Root canal is a term which is used for describing your natural cavity that lies within the center of your tooth. The nerves of the tooth lie in the root canal. When the nerve tissue or the pulp of your tooth gets damaged, it will break down resulting in multiplication of bacteria in the pulp chamber. The presence of bacteria and the decayed debris may cause a tooth infection. It can also cause a swelling that sometimes spreads to the other parts of the neck, face or head.
If you are experiencing pain, tooth discoloration, swelling or a feeling of tenderness in your lymph nodes, there may be a chance that you require a root canal treatment.
A root canal is performed for repairing or saving an infected tooth that has been damaged badly. The procedure is carried out by removing the area of the tooth that is damaged, commonly known as the pulp. After that, the area is cleaned and disinfected before being filled and sealed. Once this initial treatment is performed, you can visit the dentist later who may place a crown on the affected tooth for protection and restore it to function perfectly. A root canal treatment may comprise of one to three visits to the dentist, depending on the severity of the condition.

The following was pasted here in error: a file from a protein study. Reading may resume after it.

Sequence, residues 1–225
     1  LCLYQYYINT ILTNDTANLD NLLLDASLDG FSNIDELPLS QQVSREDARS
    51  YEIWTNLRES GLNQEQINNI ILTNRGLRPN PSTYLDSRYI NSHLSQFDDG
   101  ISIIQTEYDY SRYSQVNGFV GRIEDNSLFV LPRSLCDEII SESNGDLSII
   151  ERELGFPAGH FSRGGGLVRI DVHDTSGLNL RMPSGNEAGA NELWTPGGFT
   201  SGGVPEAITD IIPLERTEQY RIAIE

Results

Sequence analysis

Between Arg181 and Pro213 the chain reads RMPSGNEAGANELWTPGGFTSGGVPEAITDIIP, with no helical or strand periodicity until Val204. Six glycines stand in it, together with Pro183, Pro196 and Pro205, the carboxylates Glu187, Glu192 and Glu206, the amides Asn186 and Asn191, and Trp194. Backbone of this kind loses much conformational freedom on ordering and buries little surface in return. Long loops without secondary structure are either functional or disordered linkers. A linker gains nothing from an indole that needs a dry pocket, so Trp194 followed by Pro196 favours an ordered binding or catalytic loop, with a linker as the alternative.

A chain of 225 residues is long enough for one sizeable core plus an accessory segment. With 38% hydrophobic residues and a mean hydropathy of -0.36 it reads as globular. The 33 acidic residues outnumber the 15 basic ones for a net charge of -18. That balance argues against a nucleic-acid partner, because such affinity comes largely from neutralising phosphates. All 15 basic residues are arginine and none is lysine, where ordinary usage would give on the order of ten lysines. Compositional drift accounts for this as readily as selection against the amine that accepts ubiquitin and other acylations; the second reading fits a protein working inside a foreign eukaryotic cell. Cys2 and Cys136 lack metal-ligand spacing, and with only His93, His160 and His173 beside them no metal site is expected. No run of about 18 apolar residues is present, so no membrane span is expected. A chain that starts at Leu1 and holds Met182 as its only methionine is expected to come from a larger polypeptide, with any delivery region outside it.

How is the treatment done?
A root canal involves the following steps:
Initially, you have to undergo an x-ray so that your doctor can examine and locate the position of your infected tooth.
After it has been located, the dentist will administer local anesthesia for numbing the area around that particular tooth.
The doctor then places a rubber sheet around the affected tooth to ensure that the area is dry.
A hole is drilled in your tooth to remove the debris and the nerve tissues that have decayed. Suitable files are used to scrape away the decayed portion in the process. Sodium hypochlorite or water is periodically used for flushing away the debris.
Once the tooth has been thoroughly cleaned, the doctor seals it. In case there is an infection, your doctor may apply some medicine to cure it before sealing the tooth.
If the treatment remains incomplete, the exterior hole of your tooth is given a temporary filling to keep away the food and saliva. The permanent filling is done in the following appointment.